The roller-coaster of 2019 screeches on, and every day of the election campaign brings us new ‘facts’ and ‘promises’ from the politicians. If you are in the middle of drawing up your business plans for next year, you can be confident that the uncertainty of the economy and the market is likely to continue for a while longer!
Amidst all that ambiguity, we still need to get planning. It seems ironic that 2020 means clear and normal vision, so how can we do the best we can with the information we have, to plan for another year of business progress?
After all, planning can help companies grow 30% faster* than those that don’t.
Every year, without fail, we start with the big questions before we get down into the detail. Here are our top 7 questions to unlock your 2020 People Strategy
Every decent people plan will start with clarity on the business plan to ensure that your team are all working together to deliver the business vision.
1. Why does my business exist?
If you don’t have this captured in a sentence, carve out some time to do so. It will bring a huge amount of clarity to the business if everyone on the Senior Team, and through the business, knows why they come to work every day. It may be the same as it was on day 1, or it may be completely different. Even Ford Motors has changed from a product business to a service company. Again, all you need is a sentence, which will save a lot of time and enable business decisions to be taken more easily.
2. How will we succeed this year?
Of this set of questions, this is the most likely to change. What worked last year may not work next year. If you don’t know the answer, take a couple of hours with your Senior Team and really openly debate this question, until you can nail it down to 3-5 big goals.
3. Are your senior team aligned to deliver this plan?
Be honest with yourself: if we asked everyone in your Senior Team this question, would you get the same answer? Give us a call and we can do that if you aren’t sure!We often find that the CEO assumes there is clarity and alignment, but in practice there are lots of ideas floating around, just ready to pull people off course, create distraction and waste time.
When your Senior Team are aligned, you will make better, quicker decisions. When your team are able to engage in healthy conflict, you will also be able to debate, disagree, be heard, then come together as a group and move forward.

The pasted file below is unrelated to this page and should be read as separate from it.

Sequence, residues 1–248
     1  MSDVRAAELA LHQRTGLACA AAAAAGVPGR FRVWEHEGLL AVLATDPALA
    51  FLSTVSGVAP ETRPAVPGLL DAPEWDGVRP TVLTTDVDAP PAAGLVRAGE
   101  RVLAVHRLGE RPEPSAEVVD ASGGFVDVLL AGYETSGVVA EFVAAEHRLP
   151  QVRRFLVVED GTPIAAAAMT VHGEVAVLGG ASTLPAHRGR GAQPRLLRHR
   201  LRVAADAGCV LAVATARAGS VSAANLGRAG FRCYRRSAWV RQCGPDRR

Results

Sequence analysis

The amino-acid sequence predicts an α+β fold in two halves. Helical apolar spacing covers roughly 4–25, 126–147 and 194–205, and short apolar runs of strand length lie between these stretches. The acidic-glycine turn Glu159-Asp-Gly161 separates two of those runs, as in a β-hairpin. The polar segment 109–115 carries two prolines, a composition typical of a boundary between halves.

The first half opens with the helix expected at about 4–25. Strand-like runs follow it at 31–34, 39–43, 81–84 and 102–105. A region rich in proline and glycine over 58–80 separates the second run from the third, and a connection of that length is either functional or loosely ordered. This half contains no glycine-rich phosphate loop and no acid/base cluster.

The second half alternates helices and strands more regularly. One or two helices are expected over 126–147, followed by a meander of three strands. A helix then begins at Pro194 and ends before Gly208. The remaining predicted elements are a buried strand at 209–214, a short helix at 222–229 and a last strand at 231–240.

4. Do we have the right leadership capability in the business?
Many of the businesses we work with either have people at the Senior level who aren’t quite right for the next stage of the journey, or they are looking for key new people to join the team. It is important to be honest about who you have, what they are capable of, what you can afford right now, and what you need to be successful.That may mean a Senior team review is in order. If that sounds really uncomfortable, please do pick up the phone for a chat: we can help you understand what it entails.
5. How do we behave?
At People Puzzles, we explain culture as what people do at work when nobody is watching. Values aren’t meant to be bold words that people stick on the wall, they are meant to be truths about how you can expect to be treated, and how you are expected to behave. It makes hiring (and firing) much easier, and makes the basis for great conversations to deal with those difficult people, such as mood hoovers.
6. Do we have the right people on the right seats?
Both parts of that question are important: the right person covers experience, skills, attitude and fit. The right seat means looking at what they are doing, how that fits in, and what they are going to deliver. You can end up with the right person on the wrong seat or the wrong person on the right seat. Take a structured approach and work your way through the whole organisation. Then sort out the problems that you find.
7. Are we arranged so everyone can do their best work?
Sometimes the problem is not with who, it is with the structure, and the design of the organisation as a whole. Some companies are straightforward: one site, simple hierarchy. In our experience this is rare! In today’s world, most companies are complex organisations, over multi-site, multi time-zone, with office based, remote and flexible workers. It has never been so important to understand work flows, have clear lines of communication and accountability, and free people up to do their best work.
Who is responsible for your People Plan?
Well, hopefully someone is!
For most companies, the payroll is significant part of the monthly outgoings. With that in mind, being sure that the investment is paying off is a strategic role.
A strong People Director is able to challenge and support the Senior Team, helping to plan for the future whilst ensuring things are productive and efficient today. He/she should add value by asking difficult questions, bringing clarity, and helping to build a highly cohesive team to drive the business forward. All these are big questions about where your business is going and how you can be more successful.
If you haven’t had a leadership away day recently to hammer this out (or ever), get in touch to book one in. It really will help you to have that 2020 vision to navigate the next 12 months.
* Burke, A., Fraser, S., & Greene, F. J. (2010). The multiple effects of business planning on new venture performance. Journal of Management Studies, 47(3), 391-415.